Q: My big stumbling block at this point is what to do with my short…?

October 11, 2011 by cindy  
Filed under Mail Bag

Q:  Film Method has provided me with a lot of great advice over the past few months. I’m gearing up to shoot my first short since film school, and I will say that I think you’d be proud of the pre-production efforts thus far. My big stumbling block at this point is what to do with my short (or anything independent I do in the near future). I want to make my film accessible online to an audience. I have no delusions about making hundreds of cents on this film, but I’m looking for some resources where I could educate myself to the avenues of online marketing and distribution. It seems like every company (createspace, itunes, etc) has a product or platform, but no one can tell me how to decide between them.
Thanks for providing the service that is Film Method.
Pete DAlessandro via Film Method Mailbag

Hi Pete,

Thank you for your kind words.  I am really glad that you are doing so much pre-production. Congratulations on finishing film school and continuing on after. As for distributing your short film after it’s done, there are several avenues.

There is always the film festival route. Which, it doesn’t sound like the route you’re going in but it might be a good idea to at least try to get it into a couple of local film festivals that you can attend. I say this mostly because you are going to miss out on a networking opportunity if you have a finished film that will by pass any public screenings. Just something to thing about.

As for internet distribution, I have always worked with Indie Flix and had a great experience with them. They are able to help navigate the Amazon, iTunes, digital platform world much more efficiently than I could alone. There are several companies that are like Indie Flix and I am sure they are great, I have just always worked with them.

What I have learned from distributing films online is that you should not choose between them, you should try to get your film on as many of them as possible.  The reason is that some of your customers will prefer iTunes while others prefer Amazon so there is no harm in putting your film up on both. I hope that this makes sense. I think you may be beating your head up against a wall for no reason. The more people that see your film the better and because it’s a short, you don’t have to worry as much about a strategic online distribution schedule.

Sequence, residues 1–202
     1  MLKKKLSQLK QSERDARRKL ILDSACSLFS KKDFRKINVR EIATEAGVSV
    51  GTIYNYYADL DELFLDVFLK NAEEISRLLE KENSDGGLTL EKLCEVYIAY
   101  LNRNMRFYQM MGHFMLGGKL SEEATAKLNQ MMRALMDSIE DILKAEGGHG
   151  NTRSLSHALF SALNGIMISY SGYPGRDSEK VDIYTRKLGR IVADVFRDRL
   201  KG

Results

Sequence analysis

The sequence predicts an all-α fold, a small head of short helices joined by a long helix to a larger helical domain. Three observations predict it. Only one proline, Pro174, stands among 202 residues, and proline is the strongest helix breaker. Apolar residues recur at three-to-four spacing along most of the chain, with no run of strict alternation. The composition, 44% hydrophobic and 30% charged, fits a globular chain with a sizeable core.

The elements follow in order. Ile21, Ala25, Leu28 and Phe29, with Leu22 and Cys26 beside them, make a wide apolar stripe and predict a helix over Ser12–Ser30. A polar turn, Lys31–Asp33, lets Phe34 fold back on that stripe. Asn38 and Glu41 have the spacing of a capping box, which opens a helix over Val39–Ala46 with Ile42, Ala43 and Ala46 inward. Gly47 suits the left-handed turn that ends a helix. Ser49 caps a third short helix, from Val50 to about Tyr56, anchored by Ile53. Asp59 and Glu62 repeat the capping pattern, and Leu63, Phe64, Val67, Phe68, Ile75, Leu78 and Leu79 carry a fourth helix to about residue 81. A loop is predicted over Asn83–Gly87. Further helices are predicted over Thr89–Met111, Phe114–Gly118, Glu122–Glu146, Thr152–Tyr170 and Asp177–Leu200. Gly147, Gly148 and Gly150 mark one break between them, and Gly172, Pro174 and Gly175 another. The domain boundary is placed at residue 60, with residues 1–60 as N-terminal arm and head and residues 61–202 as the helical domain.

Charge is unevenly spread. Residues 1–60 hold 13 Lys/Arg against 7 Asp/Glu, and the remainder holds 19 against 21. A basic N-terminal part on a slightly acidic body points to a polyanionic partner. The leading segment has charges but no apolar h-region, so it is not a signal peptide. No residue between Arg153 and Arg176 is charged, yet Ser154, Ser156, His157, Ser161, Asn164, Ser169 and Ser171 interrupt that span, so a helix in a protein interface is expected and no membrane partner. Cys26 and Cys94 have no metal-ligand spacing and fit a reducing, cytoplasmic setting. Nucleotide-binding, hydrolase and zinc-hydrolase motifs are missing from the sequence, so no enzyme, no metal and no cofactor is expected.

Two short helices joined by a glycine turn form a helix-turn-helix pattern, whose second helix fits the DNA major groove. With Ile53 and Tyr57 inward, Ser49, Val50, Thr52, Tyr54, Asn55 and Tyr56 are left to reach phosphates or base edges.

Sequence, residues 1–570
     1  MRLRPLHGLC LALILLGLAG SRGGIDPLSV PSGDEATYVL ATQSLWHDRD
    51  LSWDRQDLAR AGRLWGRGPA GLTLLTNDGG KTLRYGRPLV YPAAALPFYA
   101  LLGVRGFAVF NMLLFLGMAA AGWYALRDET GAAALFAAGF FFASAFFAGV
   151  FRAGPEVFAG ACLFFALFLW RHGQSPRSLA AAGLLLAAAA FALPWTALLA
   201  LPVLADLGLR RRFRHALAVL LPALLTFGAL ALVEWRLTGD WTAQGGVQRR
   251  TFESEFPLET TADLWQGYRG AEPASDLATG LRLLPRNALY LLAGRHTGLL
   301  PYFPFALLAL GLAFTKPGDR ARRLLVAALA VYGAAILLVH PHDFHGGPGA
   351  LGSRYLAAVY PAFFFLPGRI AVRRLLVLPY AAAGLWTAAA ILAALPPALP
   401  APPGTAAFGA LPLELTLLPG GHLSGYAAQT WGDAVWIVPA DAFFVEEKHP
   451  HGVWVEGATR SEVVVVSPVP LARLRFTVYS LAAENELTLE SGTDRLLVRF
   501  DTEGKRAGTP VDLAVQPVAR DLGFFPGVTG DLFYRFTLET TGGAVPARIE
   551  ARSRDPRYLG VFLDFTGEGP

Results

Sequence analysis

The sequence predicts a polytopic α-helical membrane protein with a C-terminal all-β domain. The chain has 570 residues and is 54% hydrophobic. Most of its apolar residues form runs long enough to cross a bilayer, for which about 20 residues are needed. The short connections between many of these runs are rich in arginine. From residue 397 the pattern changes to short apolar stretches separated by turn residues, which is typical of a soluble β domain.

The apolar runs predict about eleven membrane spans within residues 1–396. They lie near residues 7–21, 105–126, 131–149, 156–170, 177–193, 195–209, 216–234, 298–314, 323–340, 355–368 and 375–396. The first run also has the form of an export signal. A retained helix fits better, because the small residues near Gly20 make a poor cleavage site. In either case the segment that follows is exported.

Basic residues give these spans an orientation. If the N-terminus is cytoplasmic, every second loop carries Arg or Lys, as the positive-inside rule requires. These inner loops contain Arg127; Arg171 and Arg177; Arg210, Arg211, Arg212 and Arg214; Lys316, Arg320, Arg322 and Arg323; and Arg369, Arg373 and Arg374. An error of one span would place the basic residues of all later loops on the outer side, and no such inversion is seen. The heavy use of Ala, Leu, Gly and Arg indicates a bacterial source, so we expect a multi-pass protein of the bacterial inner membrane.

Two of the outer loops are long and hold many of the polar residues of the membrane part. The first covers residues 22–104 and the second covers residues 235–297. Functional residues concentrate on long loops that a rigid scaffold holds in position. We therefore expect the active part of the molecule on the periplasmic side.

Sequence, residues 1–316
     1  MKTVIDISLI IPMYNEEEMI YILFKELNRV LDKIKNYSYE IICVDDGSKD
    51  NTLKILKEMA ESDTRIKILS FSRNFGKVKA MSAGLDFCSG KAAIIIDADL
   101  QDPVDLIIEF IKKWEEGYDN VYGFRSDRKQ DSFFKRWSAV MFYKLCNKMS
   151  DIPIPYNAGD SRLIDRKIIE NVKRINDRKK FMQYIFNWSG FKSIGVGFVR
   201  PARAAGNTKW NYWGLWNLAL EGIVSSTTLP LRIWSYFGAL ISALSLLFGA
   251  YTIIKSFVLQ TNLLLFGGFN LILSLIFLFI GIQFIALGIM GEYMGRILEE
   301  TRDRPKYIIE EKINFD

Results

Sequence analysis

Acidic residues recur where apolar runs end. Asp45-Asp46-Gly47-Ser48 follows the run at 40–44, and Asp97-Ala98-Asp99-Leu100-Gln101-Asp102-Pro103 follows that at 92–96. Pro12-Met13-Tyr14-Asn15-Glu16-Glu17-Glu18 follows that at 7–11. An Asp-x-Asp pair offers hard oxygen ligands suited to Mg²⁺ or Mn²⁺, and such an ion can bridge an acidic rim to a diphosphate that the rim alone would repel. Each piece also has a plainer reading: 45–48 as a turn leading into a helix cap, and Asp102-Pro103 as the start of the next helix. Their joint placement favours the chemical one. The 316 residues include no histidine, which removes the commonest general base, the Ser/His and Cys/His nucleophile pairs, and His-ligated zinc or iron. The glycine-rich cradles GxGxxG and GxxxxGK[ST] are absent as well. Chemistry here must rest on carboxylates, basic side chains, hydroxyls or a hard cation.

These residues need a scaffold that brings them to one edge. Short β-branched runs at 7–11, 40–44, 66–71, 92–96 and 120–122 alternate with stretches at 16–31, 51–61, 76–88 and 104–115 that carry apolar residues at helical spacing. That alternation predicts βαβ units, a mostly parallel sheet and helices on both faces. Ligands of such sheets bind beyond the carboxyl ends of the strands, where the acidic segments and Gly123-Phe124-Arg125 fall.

Film Method has done several episodes on distribution that you might want to listen to and we have also had the pleasure of working with Filmmaking Stuff (Jason Brubaker), Think Outside the Box Office (Jon Reiss), and The Film Collaborative (Orly Ravid). These are all companies that you should take a look at as they all provide educational opportunities with their services.

I wish you the best of luck on your project and know that it will find the distribution outlet that is right for it.

Thanks for writing in and for listening.

Q: When dealing with distribution, is it smarter to try to find a “post-house” before you start your project?

August 9, 2011 by cindy  
Filed under Mail Bag

Q: When dealing with distribution, is it smarter to try to find a “post-house” before you start your project? Or is it more common to get a deal after you’ve finished the film?

Stuart S., New Holland Pennsylvania

I am a big believer in planning.  Therefore, I would interview your editor as one of the first crew members you want to bring on the project.  They are going to be able to give you great script notes and you will be able to plan a post-production schedule with their input, which they will appreciate.  Whether you have a large enough budget to go to a “post-house” or you have to piece your crew together individually (which some people prefer), get quotes and interview that post house/individuals in pre-production.  If you can, bring on a post-production supervisor as they will be able to help you figure out what your work-flow should be on-set in order to make post run more smoothly.  If you do not have a lot of funds for post-production, then you will need to do even more planning so make sure you are thinking of post-production early on during pre-production.  It will save you time and money in the end, not to mention making everyone’s life easier.  Remember, post-production is one of the most costly parts of making a film and good post can make or break your project so please budget accordingly.

Soonami Productions